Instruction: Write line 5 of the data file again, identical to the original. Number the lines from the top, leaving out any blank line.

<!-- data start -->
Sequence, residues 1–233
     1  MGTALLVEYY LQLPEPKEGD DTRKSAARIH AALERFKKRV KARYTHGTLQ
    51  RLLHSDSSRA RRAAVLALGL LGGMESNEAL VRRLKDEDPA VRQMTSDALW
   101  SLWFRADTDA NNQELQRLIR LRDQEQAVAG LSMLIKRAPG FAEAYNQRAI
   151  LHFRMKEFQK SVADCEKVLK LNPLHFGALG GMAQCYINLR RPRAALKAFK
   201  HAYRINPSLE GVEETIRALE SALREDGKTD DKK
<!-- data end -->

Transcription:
   151  LHFRMKEFQK SVADCEKVLK LNPLHFGALG GMAQCYINLR RPRAALKAFK